tobacco-plants-crayon-resist-silkscreen

Crayon resist drawing of tobacco plants, 110 mesh silkscreen

Abstract crayon resist silkscreen, sheer gold metallic ink on green paper, 110 mesh silkscreen

RESULTS – This is a fast and easy way to make a silkscreen image, but it is fragile so you will not get many prints from doing this method.  They will have a very distinctive look.  Use mineral spirits to scrub the crayon, oil-stick or cray pas from the screen, a scrub brush with some scouring powder and dish liquid will help de-grease your screen, a strong blast from a pressure washer is a good finish.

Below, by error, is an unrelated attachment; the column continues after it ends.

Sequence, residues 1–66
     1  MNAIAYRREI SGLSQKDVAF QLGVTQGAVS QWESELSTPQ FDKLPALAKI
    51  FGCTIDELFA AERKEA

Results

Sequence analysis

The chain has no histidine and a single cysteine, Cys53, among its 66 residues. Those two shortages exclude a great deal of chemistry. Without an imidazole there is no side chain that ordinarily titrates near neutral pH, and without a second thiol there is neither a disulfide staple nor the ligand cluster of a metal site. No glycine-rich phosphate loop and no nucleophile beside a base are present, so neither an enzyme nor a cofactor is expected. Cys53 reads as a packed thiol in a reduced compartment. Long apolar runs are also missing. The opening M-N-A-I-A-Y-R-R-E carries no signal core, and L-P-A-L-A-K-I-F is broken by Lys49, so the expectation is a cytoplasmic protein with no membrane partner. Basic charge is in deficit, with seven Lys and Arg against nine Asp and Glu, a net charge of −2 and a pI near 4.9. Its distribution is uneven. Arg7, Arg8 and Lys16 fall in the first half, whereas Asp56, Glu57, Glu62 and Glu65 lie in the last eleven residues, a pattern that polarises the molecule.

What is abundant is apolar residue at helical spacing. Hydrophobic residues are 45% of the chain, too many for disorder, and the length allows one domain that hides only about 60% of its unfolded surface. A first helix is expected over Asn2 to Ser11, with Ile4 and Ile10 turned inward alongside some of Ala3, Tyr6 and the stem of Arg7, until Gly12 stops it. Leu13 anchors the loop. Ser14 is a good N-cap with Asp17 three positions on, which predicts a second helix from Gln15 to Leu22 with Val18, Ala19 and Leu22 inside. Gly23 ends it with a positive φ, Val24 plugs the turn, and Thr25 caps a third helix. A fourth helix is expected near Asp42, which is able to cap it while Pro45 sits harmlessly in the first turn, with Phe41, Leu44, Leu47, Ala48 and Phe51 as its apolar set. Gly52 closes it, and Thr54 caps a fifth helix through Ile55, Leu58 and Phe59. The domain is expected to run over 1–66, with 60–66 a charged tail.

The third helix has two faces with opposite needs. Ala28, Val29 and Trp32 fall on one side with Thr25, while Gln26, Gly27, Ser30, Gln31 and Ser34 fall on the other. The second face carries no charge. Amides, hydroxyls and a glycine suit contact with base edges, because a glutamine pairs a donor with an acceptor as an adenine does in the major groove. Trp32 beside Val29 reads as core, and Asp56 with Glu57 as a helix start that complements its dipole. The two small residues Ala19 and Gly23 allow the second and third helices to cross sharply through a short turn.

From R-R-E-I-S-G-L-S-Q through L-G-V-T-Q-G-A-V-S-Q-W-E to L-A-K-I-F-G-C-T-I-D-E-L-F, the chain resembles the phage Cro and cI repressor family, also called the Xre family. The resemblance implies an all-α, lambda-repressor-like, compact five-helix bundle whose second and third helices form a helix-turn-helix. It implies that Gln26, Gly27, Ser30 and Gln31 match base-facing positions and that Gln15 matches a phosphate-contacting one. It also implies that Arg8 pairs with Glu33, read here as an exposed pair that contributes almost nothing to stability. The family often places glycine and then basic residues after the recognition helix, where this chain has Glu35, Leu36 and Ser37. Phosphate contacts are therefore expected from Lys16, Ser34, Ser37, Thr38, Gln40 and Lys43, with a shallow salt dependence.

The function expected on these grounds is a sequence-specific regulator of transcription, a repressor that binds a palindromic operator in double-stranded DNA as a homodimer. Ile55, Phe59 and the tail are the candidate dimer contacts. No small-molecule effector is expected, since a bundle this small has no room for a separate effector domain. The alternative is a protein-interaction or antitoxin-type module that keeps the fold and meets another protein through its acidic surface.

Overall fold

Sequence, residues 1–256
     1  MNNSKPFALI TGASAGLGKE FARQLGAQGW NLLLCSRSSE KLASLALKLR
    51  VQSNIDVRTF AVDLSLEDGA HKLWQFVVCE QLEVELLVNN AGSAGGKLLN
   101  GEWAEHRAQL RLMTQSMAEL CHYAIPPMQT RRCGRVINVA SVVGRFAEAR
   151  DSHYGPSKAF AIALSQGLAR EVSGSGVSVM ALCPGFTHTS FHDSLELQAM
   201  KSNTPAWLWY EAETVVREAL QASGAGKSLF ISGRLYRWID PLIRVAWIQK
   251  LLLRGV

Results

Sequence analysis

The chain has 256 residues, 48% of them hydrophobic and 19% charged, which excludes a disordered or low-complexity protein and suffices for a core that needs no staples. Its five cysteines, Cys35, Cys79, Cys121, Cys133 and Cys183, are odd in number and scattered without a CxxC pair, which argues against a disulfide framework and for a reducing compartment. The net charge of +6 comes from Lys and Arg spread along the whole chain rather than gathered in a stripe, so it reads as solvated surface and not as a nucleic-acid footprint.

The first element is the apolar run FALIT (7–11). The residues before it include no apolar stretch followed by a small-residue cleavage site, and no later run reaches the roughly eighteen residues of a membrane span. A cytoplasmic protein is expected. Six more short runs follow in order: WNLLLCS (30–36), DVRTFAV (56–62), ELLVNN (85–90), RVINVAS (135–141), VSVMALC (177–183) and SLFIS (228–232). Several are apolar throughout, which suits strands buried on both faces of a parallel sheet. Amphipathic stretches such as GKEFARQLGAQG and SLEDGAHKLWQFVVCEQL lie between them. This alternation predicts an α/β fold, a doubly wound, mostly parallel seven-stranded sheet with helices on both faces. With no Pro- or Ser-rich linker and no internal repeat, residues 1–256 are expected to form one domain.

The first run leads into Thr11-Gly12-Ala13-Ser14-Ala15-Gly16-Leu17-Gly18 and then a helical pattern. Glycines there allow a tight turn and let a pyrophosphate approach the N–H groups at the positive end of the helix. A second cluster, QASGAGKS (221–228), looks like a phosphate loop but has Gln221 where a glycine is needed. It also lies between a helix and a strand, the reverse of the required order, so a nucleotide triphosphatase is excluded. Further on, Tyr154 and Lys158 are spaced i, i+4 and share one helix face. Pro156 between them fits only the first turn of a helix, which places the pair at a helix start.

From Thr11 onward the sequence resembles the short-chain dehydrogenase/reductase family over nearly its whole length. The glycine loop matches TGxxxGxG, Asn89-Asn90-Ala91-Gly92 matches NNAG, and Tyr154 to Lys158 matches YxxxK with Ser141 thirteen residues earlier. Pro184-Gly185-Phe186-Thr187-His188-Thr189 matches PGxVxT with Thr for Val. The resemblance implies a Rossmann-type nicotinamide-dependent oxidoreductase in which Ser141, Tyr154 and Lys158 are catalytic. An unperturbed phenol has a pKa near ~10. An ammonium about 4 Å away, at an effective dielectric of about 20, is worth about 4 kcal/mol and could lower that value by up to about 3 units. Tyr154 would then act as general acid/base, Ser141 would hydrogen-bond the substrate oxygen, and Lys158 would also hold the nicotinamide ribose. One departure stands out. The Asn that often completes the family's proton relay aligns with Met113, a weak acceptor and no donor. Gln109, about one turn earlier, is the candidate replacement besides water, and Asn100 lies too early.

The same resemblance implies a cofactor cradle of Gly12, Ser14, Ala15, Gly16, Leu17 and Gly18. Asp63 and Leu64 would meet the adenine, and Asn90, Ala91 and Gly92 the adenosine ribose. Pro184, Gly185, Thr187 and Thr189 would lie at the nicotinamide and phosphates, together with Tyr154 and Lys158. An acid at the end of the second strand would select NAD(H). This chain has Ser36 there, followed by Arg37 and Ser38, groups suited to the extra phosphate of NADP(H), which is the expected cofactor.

4. TUSCHE AND GUM ARABIC – I did not have time to try this method, the pages below are from The Encyclopedia of Printmaking Techniques by Judy Martin and describe the whole process.  I will say a few things based on my experience with the materials.  Basically, with this process you draw with the Tusche ink, coat the screen with the Gum Arabic, let the gum dry, then free your Tusche ink lines with a rag soaked in mineral spirits.  Then you print with that screen film when it is dry.  This works because Tusche ink is soluble in mineral spirits but the Gum Arabic is water soluble.